Nail biting can be a difficult routine to break – but if you do not, your dental health might suffer a lot more than your manicure. Inning accordance with the Academy of General Dentistry, children or adults who bite their nails might crack, chip or wear down their front teeth from the stress caused by biting. And, those who wear braces put their teeth at even higher risk for root resorption (a reducing of the roots) or tooth loss, considering that braces already put increased pressure on the teeth.
Can Nail Biting Damage My Teeth?
Nail biting puts a pressure on your front teeth, which they are not meant to stand up to, referred to as shearing. Although teeth are really resilient and can stand up to many different things, the shearing that nail biting develops can cause chipping. Since most nail biters habitually use their front incisors to obtain at their thick nails, this winds up harming the most noticeable teeth in your smile.
A research study in the journal General Dentistry likewise reported that patients who bite their fingernails, chew on pencils or clench their teeth might be at a greater risk for bruxism – unintentional grinding or clenching that can cause facial pain, headaches, tooth level of sensitivity, recessed gums and tooth loss.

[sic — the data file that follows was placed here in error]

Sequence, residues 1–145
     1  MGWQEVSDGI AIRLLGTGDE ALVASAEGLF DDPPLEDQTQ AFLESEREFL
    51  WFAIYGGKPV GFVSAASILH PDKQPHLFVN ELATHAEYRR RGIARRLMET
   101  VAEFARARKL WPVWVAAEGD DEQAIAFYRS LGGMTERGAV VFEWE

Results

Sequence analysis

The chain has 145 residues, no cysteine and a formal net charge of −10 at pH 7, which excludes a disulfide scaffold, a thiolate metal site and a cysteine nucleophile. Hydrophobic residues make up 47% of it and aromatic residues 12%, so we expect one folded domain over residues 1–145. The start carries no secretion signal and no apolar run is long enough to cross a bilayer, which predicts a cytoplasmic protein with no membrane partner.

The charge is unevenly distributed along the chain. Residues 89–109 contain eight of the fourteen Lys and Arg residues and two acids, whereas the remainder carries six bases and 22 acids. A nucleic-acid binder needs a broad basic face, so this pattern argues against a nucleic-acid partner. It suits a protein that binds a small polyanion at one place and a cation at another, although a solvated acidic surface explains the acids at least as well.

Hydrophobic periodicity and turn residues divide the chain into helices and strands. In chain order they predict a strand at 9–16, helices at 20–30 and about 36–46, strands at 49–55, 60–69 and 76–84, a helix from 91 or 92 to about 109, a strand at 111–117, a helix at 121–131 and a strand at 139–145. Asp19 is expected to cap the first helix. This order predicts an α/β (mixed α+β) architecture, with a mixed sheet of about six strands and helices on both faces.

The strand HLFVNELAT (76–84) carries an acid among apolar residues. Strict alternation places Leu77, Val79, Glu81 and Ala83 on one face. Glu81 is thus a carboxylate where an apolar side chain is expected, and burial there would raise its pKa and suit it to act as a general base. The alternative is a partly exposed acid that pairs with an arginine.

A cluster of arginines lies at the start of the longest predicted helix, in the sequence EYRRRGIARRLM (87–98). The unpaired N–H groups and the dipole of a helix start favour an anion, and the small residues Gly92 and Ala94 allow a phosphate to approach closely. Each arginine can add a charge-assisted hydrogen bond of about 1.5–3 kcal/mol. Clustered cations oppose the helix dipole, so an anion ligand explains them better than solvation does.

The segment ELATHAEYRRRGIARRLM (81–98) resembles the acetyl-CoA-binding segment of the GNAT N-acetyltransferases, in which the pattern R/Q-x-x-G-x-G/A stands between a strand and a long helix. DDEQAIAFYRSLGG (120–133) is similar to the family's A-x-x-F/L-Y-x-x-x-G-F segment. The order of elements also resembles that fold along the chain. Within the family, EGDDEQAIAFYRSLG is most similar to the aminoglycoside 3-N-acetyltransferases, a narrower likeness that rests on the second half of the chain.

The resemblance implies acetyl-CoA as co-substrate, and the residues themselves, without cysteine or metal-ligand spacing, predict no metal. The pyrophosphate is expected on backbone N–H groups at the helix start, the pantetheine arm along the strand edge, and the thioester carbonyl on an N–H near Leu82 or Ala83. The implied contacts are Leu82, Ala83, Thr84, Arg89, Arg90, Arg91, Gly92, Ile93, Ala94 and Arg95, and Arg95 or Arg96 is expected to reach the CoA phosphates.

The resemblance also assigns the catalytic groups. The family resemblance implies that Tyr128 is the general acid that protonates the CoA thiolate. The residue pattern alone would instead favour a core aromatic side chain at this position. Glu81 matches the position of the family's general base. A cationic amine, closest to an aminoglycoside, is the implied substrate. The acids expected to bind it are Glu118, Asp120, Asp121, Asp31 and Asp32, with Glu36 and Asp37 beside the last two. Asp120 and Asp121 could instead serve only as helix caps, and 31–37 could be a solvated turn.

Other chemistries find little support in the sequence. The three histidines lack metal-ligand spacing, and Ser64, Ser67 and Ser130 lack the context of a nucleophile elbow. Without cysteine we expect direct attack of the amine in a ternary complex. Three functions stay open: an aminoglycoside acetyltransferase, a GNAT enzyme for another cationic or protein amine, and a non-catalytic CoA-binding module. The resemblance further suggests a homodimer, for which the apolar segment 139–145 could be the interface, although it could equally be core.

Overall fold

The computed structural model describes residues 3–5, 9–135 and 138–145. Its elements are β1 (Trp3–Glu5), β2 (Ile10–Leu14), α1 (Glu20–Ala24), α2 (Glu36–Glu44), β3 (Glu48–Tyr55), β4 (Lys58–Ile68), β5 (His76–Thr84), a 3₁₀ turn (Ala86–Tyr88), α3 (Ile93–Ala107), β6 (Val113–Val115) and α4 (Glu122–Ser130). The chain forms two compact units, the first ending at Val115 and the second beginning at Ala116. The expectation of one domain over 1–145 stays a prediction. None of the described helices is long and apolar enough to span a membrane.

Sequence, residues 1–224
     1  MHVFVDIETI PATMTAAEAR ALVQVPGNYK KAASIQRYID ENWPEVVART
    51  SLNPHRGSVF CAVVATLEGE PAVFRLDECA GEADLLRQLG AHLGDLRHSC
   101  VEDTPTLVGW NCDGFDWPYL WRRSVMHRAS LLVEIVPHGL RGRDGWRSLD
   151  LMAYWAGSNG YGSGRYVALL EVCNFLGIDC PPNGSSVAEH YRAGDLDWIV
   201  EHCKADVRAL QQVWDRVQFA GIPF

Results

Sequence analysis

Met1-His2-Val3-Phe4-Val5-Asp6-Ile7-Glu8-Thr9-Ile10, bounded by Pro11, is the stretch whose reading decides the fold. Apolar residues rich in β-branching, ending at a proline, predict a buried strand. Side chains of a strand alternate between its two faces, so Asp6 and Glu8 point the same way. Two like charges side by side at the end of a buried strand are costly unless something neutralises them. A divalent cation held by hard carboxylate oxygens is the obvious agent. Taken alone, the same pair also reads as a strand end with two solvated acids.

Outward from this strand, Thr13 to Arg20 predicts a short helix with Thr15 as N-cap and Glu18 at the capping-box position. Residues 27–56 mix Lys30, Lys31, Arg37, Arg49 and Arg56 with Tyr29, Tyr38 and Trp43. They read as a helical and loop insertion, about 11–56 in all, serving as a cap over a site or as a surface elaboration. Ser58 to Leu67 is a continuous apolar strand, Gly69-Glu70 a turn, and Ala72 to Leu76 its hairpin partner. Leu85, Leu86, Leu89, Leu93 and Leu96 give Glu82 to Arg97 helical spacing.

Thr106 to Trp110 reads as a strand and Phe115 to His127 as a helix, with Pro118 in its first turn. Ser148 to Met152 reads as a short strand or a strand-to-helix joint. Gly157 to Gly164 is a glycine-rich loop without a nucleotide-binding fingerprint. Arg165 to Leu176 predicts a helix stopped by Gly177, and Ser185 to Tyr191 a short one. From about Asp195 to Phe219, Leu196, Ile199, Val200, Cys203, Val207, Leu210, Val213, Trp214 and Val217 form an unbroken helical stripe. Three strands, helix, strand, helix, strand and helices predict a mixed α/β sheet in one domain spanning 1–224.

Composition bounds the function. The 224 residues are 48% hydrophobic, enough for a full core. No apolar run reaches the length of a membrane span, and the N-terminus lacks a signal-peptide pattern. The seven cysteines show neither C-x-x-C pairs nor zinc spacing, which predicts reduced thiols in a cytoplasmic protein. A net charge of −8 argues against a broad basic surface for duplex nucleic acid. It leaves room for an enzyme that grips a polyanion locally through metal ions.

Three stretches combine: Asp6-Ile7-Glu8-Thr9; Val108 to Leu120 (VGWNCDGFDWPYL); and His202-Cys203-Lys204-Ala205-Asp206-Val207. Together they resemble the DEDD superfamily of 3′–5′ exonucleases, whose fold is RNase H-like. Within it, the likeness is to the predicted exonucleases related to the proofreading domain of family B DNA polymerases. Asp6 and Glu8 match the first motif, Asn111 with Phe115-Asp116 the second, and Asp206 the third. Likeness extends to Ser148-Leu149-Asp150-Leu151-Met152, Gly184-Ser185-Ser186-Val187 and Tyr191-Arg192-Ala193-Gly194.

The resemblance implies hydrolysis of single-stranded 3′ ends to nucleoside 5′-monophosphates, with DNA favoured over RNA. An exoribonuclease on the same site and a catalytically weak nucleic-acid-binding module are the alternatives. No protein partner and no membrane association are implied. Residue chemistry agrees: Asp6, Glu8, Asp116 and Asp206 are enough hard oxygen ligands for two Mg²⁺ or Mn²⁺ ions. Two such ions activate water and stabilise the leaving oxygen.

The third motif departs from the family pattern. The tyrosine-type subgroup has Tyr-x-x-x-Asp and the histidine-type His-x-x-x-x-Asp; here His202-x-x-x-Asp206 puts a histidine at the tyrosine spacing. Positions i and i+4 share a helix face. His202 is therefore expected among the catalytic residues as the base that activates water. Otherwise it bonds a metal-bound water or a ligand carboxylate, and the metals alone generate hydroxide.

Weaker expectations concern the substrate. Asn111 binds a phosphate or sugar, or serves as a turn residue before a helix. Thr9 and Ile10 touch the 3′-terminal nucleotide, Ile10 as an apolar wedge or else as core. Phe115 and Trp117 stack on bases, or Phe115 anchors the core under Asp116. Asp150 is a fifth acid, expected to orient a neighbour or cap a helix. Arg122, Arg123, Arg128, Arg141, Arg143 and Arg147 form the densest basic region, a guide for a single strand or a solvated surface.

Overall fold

The signs of bruxism consist of: flat looking pointers of the teeth; tooth enamel that is worn away, causing extreme level of sensitivity; popping or clicking of the jaw; and indentations of the tongue. So it is other reason why biting nails bad for teeth.
Other dental health dangers for nail biters can include sore, torn or harmed gum tissue brought on by jagged, sharp fingernail edges and the spread of bacteria from other body parts to the mouth and from the mouth to the nail bed or bloodstream.
Patients might find that using a mouth guard can deter nail biting and help avoid more damage to teeth. Some dentists can also help patients use therapy strategies, like learning how to rest the tongue upward with teeth apart and lips shut to prevent tooth damage from nail biting.